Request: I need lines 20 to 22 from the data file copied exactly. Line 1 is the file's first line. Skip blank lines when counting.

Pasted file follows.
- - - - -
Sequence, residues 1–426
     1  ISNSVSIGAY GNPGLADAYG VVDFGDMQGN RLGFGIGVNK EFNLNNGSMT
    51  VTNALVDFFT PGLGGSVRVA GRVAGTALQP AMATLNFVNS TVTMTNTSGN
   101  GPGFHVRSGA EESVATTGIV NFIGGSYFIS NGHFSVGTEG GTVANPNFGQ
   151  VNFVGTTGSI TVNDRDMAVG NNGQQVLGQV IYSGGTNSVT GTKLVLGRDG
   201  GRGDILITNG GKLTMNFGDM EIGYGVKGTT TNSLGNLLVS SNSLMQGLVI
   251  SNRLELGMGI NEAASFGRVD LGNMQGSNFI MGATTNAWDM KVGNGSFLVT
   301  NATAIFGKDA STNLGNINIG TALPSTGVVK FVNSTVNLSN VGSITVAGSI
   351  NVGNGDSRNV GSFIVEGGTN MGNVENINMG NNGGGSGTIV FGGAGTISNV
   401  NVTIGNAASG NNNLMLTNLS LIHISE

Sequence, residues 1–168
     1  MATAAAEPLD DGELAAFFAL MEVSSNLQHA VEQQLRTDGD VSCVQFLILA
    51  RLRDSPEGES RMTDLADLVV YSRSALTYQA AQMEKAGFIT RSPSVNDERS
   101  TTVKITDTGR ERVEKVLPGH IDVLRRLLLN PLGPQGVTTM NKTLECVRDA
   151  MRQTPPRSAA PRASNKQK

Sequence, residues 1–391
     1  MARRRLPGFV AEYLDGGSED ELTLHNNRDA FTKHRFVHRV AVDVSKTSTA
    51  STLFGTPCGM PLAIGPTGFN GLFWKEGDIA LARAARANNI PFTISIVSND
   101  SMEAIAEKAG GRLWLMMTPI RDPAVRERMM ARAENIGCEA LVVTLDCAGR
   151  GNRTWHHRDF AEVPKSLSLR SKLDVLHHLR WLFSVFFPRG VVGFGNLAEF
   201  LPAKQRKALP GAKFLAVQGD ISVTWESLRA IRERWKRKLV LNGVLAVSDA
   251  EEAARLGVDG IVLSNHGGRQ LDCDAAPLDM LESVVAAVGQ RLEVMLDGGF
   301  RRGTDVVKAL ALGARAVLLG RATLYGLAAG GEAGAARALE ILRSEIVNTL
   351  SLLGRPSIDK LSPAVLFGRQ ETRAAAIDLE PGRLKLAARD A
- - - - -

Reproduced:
   151  GNRTWHHRDF AEVPKSLSLR SKLDVLHHLR WLFSVFFPRG VVGFGNLAEF
   201  LPAKQRKALP GAKFLAVQGD ISVTWESLRA IRERWKRKLV LNGVLAVSDA
   251  EEAARLGVDG IVLSNHGGRQ LDCDAAPLDM LESVVAAVGQ RLEVMLDGGF